As a developer who works in a team, I often have to give and receive feedback on code. This isn’t an easy thing to do. I myself experienced problems while doing this and there are some things we all should know to make the most of it.

What is a code review

Code review is systematic examination of computer source code. It is intended to find and fix mistakes overlooked in the initial development phase, improving both the overall quality of software and the developers’ skills.

Source: Wikipedia

By doing a “peer review”, as it is also called, you get some really nice benefits:

  • They can be used to establish conventions.
  • Share knowledge about the code base, best practices and what the team members have been working on (this could also speed up your standups).
  • Build trust in the team by understanding what people are strong or passionate about, their way of thinking and solving problems.

Ain't nobody got time for that

What is important as an author

  • When you create a PR, be sure to give some context. Use the comment box to explain WHAT you are doing, WHY and HOW. Also make sure to explain what problems you faced, if any.
  • Check your code once more before submitting, you might have committed unwanted changes or commented code.
  • Avoid creating long PRs, try to split them if that’s the case. Reviewing requires a lot of work and if the changes are many, people will either refuse to do it, or not be able to focus for the time required.
  • Be open minded and ready to receive feedback.

Git push and run!

What is important as a reviewer

  • What you are about to review is not just a changelist of code, you are looking at the implementation of a functionality, so take your time to checkout the branch, run the code and understand what the changes are and what they imply.
  • Try not to postpone it too much, the author is probably blocked by your code review.
  • Identify the scope and do not comment on things that weren’t part of the changes.
  • This is not just a place to comment on something wrong, it is also a place you can use to ask questions or give positive feedback.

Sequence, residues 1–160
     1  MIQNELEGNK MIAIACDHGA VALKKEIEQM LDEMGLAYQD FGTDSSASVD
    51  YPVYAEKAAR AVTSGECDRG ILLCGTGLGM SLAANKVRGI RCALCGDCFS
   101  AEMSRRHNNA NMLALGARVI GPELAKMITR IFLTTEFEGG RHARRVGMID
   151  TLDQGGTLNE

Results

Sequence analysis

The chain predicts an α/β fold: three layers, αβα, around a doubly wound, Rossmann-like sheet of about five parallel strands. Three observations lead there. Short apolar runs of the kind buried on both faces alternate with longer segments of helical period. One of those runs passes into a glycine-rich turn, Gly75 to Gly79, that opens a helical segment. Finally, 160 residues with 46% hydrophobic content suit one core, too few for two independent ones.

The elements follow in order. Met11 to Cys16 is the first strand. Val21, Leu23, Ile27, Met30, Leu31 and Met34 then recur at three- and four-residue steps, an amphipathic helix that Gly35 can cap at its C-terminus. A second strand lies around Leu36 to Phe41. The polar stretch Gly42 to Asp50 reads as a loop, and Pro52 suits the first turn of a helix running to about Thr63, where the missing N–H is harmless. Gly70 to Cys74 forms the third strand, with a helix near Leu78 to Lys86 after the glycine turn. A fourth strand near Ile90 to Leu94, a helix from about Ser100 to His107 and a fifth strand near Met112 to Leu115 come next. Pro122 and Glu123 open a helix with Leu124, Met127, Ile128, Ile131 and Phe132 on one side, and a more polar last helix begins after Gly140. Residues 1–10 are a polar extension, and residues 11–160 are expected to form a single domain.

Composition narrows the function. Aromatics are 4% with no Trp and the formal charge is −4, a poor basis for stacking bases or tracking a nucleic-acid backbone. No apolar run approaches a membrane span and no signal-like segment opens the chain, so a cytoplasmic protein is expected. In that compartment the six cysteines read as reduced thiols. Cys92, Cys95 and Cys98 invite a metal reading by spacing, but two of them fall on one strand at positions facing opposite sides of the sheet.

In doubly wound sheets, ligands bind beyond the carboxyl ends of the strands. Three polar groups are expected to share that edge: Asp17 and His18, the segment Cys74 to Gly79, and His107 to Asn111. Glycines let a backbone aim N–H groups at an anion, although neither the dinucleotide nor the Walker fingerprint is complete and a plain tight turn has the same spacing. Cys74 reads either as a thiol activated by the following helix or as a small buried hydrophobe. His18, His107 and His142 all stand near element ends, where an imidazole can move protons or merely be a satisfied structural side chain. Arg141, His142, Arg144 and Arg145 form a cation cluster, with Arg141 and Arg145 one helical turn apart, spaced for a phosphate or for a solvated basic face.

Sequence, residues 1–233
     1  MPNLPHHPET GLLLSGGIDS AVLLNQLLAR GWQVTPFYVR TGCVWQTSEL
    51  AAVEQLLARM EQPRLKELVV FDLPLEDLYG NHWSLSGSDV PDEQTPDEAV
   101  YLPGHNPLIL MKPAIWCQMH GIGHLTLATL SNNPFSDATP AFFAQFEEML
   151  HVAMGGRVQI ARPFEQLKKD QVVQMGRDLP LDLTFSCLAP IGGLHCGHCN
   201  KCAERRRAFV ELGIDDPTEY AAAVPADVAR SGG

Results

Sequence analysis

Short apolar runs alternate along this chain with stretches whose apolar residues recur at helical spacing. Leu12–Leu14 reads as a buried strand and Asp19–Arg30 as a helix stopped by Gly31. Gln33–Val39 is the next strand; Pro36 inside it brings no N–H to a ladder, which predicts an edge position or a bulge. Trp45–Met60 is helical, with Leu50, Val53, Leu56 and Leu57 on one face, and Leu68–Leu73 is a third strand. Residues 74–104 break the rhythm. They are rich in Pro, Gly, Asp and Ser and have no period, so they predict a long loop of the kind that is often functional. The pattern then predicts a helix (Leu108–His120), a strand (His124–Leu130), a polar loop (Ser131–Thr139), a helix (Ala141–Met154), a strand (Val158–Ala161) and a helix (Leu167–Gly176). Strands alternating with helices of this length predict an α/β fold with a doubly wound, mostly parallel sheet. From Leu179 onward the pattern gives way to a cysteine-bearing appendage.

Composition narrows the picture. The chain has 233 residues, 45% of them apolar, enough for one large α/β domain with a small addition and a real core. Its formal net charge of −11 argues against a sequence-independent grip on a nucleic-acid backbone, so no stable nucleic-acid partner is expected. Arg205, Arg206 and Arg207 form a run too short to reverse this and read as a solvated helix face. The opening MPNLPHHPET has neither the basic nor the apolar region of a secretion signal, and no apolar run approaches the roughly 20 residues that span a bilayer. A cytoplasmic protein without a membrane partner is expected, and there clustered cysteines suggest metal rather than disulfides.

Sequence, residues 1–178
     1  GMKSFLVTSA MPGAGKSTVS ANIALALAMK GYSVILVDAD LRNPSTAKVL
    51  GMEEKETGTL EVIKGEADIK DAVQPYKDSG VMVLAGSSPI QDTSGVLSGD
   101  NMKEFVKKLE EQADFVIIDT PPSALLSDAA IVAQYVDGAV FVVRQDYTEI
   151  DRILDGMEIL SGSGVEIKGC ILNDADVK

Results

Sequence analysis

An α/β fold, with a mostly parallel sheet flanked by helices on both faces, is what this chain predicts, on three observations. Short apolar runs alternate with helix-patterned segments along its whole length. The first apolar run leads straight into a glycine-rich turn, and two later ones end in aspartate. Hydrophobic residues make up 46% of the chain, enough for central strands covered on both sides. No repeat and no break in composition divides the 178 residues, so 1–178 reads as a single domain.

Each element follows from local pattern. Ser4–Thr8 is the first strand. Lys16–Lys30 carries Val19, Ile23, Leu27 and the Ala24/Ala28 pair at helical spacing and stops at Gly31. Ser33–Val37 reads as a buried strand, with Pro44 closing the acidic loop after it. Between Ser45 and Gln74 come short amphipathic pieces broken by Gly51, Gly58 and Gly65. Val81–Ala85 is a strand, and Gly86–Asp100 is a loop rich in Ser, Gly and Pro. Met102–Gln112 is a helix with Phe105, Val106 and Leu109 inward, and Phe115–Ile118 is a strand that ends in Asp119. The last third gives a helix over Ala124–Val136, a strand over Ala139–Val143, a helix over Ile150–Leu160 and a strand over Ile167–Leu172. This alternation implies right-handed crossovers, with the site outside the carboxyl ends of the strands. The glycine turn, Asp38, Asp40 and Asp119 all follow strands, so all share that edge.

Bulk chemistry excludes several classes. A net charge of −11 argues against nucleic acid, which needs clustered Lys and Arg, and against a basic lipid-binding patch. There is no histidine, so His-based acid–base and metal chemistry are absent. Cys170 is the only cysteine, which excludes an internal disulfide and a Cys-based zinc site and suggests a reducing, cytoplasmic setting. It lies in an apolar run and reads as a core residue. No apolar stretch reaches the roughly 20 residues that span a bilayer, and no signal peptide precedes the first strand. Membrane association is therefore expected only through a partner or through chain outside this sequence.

• Write clear and short notes. If they are too complicated, it might be a good idea to actually discuss them in person.
  • If you find the same issue repeated in the code, do not comment on each one of them. Write only one comment.
  • Be careful, what you are giving is written feedback, the author can’t hear your tone of voice or see your body language and this can cause misunderstandings (e.g. Avoid to use “you”, that might cause a feeling of judgement and prefer polite requests to statements).
  • Don’t be afraid of writing code examples to explain your ideas and always list the reasons behind your comments.
  • Don’t withhold approval round after round because you keep thinking of new ways for them to polish their code. The author will grow frustrated and feel you are blocking them.

Can't wait to see your code!


As I was reminded last week during an iOScon lightning talk by Abizer Nasir:

You are not your code, they are not their code.

This can be difficult to apply for many developers, me included, who tend to consider their code as their “baby”, or a work of art and interpret any criticism as personal.

So take it as a learning experience, the purpose of this is to improve code quality, not to judge you.

Please, feel free to add any comments to let me know what you think about code reviews and your experience.